@LauraPetrolino I was at a meeting last week and we were trying to get access to my Keynote file. They wouldn't let me hook up my own laptop, they didn't have access to Dropbox so I could download it, and my Mac wouldn't talk to a flash drive. I said to the owner of the business, "I've never been somewhere that the security is so high I can't access anything. And you've invited me here to talk about social media!" 

So I really, really don't understand why organizations shut their employees off from the world. That might be one of my biggest pet peeves.

Howie Goldfarb
Howie Goldfarb

@LauraPetrolino I found in the office world anyone who had jobs that didn't have incentives to make more money whether it be sales or group bonus goals, the people who have no incentive walk around bugging those who do. I used to hate having people bug me non-stop to chit chat. The other side was when I had a home office in LA I had a sister company an hour drive away that had the Divisional Big Wigs. This meant the 2-4x er month I had to work from there I spent half my day schmoozing/building relationships.

What a waste of my time!

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lauraclick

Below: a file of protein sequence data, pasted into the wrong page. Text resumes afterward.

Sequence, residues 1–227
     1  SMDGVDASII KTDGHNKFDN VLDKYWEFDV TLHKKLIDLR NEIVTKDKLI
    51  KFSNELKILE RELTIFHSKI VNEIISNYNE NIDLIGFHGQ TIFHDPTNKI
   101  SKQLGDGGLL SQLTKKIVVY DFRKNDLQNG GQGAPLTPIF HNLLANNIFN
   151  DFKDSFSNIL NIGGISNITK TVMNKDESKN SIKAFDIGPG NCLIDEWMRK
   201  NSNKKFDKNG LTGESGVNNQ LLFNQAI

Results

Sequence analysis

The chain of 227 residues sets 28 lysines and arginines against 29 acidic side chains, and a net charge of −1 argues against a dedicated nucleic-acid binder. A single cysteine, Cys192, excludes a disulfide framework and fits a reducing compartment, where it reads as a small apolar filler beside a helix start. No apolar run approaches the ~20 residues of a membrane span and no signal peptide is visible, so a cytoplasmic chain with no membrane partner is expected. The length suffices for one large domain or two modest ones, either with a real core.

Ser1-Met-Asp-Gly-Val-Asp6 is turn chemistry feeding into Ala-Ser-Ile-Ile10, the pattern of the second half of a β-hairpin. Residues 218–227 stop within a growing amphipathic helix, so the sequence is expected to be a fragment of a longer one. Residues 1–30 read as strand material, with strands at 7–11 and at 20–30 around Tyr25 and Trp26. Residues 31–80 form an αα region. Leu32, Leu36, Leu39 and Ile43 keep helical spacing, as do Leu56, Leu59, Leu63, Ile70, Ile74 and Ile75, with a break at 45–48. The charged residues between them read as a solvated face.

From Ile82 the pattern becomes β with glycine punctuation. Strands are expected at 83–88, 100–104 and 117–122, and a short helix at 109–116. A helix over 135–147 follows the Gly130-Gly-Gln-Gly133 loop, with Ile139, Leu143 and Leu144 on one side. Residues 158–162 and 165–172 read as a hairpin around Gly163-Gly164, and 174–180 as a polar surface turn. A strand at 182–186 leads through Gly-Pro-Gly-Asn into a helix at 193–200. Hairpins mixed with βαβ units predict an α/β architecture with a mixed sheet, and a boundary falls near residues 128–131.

lauraclick

@LauraPetrolino Um, I KNEW there was a reason I liked you! Man, I feel  you on this. I was the reverse....worked in an office my whole career until the past year. I definitely like being free MUCH better. I'm more productive and absolutely hated the bureaucracy, the firewalls (that was huge) and the drag, as you called it, in office culture. I hated the birthday parties and cake passing...it felt like Office Space. I hated looking out of my beautiful high-rise office and longing to be outside and take a break whenever I wanted. 

But, the downside is I definitely miss being around people. I get way more done now, but I definitely have to find ways to get out and be with people. Sometimes, my husband is the only person I'll see for DAYS and that's not good for either of us! ;) 

Anyway, thanks for the perspective. It sounds like we're in similar camps! One of these days we WILL meet!